Renz brought some very interesting antique dip pens for us to see! These were made by the Warren Manufacturing Company in North Manchester, Indiana and say "WARREN'S COMBINATION NON-DETACHABLE Pens and Holders" on them. Renz said they date from around 1882 and were purchased at the DC Supershow (the massive pen show held annually in Washington, D.C). Renz does some fine calligraphy work, so I'm glad he found these at the show :)


The dip pen ends were cut at an angle--I'm not sure of the reason, but it does make them look more quill-like...

Above: Some great vintage fountain pens of Renz’s.
From top to bottom: a very valuable Waterman #7 with yellow cap band, a vintage Conklin BCHR Crescent-Filler (with #4 gold nib) and a Wahl BCHR flat top with a wide gold band.

The Waterman #7 fountain pens came with ten different cap band colours--black, blue, brown, grey, green, pink, purple, red, yellow and white. Each band colour corresponded to a different type of nib; in Renz's case, the yellow cap band (which is made of casein) corresponded to a Rounded nib (a firm medium-broad nib with a spherical tip designed for left-handers).

Brand-new member Felipe brought in some of his modern fountain pens, including his wonderful Conklin 'Turquoise Duraflex' Limited Edition (a Goulet Pens-exclusive released in October 2018, only 1898 were made) and a blue Faber-Castell 'Grip' fountain pen (the Conklin is a lovely turquoise colour ---my photos don't do it justice---but the light green background makes it look more green)

Christopher brought in the oldest fountain pen we saw that evening ---his amazing Wirt BCHR with gold overlay; Christopher estimates it was made around 1889.

The lovely box in which the pen was housed did not originally come with the pen, but Christopher said it once held myrrh...

It was Ray's very first meeting and he showed us a nice assortment of vintage pens (many were very recently acquired, so they matched our primary and secondary topics :)
From top to bottom: vintage Parker 'Vacumatic' Major in "Golden Pearl", Sheaffer 'Triumph' model (a "Valiant" ?) in "Marine Green", Parker 'NS (New Style) Duofold' (made in Denmark) in "Chocolate Brown" (I believe it's this colour), and a Waterman red ripple hard rubber fountain pen and pencil set.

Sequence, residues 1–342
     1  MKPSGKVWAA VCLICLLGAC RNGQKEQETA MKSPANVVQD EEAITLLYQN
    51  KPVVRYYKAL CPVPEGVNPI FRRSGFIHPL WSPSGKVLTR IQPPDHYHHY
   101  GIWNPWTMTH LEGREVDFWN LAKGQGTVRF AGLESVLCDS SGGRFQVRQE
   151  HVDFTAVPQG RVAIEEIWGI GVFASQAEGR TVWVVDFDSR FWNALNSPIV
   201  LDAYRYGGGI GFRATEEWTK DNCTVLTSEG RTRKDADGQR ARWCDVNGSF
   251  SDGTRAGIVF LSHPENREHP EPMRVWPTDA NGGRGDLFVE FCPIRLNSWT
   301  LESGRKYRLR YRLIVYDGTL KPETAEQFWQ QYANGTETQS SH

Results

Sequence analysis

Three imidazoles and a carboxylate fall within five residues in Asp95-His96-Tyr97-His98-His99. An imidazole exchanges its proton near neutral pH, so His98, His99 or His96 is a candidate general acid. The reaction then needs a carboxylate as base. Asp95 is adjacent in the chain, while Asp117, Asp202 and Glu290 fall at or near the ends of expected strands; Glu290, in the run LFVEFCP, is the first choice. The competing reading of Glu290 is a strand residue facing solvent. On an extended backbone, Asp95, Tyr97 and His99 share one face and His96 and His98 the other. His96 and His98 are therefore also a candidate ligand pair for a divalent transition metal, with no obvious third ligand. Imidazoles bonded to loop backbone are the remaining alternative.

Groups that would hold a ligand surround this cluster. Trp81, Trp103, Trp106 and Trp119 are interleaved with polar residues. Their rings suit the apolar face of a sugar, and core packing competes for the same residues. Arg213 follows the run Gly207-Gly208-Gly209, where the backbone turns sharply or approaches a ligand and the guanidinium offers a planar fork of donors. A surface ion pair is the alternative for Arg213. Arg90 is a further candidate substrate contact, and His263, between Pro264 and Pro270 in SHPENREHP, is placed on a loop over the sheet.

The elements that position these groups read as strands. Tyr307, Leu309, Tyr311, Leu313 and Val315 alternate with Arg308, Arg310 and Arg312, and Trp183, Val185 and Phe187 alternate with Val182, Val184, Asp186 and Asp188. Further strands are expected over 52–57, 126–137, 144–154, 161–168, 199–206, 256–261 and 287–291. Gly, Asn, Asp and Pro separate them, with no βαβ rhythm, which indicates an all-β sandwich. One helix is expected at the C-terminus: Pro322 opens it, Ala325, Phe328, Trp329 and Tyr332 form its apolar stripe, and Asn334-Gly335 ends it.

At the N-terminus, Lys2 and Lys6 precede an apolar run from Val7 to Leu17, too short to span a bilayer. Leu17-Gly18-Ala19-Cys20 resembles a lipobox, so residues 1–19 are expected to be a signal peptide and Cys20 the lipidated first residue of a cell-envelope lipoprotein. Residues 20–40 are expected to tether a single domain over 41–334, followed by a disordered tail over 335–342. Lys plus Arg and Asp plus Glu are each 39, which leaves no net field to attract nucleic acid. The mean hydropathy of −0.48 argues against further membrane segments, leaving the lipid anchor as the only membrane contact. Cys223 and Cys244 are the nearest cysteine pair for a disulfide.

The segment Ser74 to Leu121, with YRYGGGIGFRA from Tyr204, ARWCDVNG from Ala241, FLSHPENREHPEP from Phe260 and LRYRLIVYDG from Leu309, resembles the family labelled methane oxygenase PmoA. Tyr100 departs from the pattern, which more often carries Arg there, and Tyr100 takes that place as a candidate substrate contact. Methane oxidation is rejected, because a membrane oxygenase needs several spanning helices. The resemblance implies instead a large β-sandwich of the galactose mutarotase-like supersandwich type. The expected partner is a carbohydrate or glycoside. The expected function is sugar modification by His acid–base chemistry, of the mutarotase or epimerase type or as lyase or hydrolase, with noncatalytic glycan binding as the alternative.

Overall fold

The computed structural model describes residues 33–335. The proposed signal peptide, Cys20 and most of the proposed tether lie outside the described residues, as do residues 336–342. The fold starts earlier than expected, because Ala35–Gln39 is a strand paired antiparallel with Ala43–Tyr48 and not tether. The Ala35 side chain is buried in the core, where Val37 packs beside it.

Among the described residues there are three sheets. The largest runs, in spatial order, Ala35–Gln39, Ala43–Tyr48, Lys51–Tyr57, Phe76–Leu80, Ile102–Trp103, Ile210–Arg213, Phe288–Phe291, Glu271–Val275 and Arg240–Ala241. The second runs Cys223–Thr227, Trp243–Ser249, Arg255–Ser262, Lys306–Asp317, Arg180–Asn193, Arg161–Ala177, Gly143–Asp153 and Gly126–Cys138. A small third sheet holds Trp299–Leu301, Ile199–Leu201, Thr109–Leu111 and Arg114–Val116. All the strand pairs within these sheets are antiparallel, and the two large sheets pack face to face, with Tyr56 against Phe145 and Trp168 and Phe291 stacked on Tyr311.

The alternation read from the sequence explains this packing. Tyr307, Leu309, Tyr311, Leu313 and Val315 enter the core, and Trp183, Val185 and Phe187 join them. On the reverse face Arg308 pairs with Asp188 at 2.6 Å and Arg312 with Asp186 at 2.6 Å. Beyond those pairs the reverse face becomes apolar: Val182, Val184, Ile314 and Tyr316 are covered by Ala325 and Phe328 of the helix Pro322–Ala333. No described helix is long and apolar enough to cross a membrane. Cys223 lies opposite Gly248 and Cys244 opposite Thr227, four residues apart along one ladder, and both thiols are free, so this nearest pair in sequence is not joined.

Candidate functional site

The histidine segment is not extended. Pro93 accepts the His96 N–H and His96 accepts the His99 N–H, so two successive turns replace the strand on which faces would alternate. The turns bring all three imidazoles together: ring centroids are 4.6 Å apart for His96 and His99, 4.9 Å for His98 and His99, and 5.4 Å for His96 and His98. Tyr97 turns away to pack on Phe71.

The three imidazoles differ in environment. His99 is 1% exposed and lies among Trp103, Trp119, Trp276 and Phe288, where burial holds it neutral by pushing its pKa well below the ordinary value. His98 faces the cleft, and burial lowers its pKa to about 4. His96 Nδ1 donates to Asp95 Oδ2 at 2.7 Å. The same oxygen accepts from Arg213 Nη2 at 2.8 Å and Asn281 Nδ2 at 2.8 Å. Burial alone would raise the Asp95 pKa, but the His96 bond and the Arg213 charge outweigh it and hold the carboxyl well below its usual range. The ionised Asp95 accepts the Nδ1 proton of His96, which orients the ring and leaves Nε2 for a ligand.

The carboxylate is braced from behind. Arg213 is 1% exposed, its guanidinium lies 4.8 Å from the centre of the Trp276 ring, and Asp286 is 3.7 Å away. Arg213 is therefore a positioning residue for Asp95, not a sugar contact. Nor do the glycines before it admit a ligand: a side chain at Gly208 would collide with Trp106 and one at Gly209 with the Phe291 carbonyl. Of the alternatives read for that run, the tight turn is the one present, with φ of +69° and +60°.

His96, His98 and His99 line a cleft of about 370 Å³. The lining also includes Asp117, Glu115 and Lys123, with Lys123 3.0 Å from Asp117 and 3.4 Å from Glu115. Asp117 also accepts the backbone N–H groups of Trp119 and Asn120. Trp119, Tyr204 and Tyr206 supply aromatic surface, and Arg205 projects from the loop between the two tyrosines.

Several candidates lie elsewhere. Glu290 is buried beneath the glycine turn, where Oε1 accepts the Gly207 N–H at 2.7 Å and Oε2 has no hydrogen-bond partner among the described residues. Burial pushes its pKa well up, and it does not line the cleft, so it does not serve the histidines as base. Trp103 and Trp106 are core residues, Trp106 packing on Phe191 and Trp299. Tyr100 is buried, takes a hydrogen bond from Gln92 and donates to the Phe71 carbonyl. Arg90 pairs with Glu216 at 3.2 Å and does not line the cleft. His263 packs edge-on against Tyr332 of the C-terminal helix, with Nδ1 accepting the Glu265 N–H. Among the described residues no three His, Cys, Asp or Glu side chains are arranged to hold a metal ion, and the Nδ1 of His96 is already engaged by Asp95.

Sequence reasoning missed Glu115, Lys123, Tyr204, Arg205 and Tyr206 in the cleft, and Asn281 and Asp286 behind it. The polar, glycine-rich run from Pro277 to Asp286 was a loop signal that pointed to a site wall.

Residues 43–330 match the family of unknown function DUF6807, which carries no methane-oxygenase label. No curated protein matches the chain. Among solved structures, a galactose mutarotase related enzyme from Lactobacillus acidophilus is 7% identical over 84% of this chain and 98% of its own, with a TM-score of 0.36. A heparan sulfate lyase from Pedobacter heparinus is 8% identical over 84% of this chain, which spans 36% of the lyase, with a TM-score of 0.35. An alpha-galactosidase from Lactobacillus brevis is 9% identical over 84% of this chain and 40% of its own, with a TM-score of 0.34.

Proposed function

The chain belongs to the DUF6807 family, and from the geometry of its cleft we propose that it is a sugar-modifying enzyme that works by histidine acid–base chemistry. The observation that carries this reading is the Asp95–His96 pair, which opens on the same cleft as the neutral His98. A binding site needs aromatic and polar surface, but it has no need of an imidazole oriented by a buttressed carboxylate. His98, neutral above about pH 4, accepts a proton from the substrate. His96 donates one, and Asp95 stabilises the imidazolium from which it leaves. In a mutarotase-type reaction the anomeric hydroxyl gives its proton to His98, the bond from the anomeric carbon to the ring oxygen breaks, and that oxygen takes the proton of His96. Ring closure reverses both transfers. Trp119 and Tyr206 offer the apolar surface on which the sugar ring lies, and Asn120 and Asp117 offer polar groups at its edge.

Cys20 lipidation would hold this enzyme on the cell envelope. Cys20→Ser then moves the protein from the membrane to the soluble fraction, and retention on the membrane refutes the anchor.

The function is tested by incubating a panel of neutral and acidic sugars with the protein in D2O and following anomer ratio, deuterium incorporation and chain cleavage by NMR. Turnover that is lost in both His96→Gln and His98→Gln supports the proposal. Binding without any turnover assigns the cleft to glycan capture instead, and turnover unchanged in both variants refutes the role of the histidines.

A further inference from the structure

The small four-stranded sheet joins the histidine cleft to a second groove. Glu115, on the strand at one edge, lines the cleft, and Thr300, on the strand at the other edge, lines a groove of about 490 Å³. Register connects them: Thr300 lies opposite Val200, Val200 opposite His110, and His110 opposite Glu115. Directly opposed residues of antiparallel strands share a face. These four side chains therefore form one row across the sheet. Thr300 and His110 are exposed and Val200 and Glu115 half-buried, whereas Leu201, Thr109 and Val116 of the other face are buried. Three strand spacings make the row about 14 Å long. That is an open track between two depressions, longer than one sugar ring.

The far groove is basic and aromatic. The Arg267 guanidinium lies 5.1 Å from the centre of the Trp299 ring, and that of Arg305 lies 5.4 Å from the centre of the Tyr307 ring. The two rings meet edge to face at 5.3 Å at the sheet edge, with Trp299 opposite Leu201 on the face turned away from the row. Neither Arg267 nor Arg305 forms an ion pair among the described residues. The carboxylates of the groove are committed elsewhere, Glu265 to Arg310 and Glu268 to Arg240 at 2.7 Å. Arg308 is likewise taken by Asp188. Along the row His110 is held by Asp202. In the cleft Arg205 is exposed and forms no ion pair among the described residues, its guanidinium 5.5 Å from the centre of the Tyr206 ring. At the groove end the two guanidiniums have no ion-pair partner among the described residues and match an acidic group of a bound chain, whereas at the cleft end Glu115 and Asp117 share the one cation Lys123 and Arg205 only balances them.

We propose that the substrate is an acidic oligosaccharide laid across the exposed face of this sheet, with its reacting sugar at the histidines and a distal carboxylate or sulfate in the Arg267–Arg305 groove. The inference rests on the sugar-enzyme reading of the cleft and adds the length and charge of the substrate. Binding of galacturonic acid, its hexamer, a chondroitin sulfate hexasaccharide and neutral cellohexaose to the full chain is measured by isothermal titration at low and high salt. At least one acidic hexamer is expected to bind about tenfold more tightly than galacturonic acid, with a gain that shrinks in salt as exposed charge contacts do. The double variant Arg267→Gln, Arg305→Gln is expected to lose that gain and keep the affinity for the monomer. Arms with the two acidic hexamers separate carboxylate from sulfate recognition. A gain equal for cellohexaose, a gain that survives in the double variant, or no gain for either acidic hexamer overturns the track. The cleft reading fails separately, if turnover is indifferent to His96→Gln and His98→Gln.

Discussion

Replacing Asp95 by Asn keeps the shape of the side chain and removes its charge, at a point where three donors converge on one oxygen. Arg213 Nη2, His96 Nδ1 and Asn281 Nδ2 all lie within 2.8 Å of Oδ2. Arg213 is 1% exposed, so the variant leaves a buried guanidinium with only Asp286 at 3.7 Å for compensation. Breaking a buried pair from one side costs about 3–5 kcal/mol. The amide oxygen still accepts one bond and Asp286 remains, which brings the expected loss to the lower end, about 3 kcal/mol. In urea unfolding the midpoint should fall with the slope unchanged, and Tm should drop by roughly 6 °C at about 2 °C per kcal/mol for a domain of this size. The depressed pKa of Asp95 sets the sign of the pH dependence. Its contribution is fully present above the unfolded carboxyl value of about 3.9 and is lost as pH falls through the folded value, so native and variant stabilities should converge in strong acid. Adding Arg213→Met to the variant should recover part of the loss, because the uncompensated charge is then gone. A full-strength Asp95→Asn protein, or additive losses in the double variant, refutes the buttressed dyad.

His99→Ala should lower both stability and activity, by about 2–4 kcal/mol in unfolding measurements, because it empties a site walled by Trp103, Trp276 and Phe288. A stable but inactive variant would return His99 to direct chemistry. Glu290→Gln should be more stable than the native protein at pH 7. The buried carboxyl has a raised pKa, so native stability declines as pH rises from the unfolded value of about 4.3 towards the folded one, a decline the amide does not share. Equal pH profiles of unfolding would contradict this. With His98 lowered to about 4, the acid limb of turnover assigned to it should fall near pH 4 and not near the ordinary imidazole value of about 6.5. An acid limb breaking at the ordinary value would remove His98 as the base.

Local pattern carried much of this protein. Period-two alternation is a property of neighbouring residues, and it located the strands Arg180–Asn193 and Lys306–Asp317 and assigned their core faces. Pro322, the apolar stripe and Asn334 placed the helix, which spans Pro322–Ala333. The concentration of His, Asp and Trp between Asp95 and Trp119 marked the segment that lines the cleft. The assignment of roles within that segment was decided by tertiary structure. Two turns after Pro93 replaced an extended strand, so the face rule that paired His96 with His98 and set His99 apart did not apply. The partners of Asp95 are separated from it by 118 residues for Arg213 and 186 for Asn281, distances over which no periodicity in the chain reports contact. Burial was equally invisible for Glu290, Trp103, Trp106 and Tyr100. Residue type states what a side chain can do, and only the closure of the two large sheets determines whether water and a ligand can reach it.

Kelly's oldest fountain pen is the attractive grey marbled Parker 'Challenger" (second from the bottom). She also showed us two clear demonstrator fountain pens she modified--the chunky little Moonman 'Q1' (top pen) and a Lamy 'Vista'. The fountain pen at the bottom of the photo belongs to Ray, and I think it was made by Onward.

So, how did Kelley modify the two demonstrators above? Well, she put a Zebra G nib in the Moonman, and she swapped out the Lamy 'Vista' fountain pen barrel for a 'Vista' rollerball barrel to create an eyedropper-filling fountain pen! (the 'Vista' fountain pen barrel has a cutout so the user can see the ink supply in the ink converter; the rollerball version lacks the cutout)

It's always nice to see older fountain pens belonging to our members' relatives, like the Redipoint rolled gold fountain pen belonging to Phil's great-grandfather, and the Waterman black hard rubber eyedropper-filler with silver overlay that belonged to his great-grandmother. The Redipoint has a lovely inscription on its cartouche that says "Father" in a flowing cursive script :)

The top pen is a new acquisition, also belonging to Phil--a handsome vintage Eversharp 'CA Fifth Avenue' ballpoint. The pen has a very odd refill that doesn't include a metal ball---that part is fixed to the nosecone of the ballpoint-- so the ball draws ink from the refill via capillary action (the "CA" part of the model name). Unfortunately, many refills either dried up or leaked into the barrel which lead to people returning their pens (under warranty), costing the company a lot of money. In fact, this model was known as "the pen that killed Eversharp"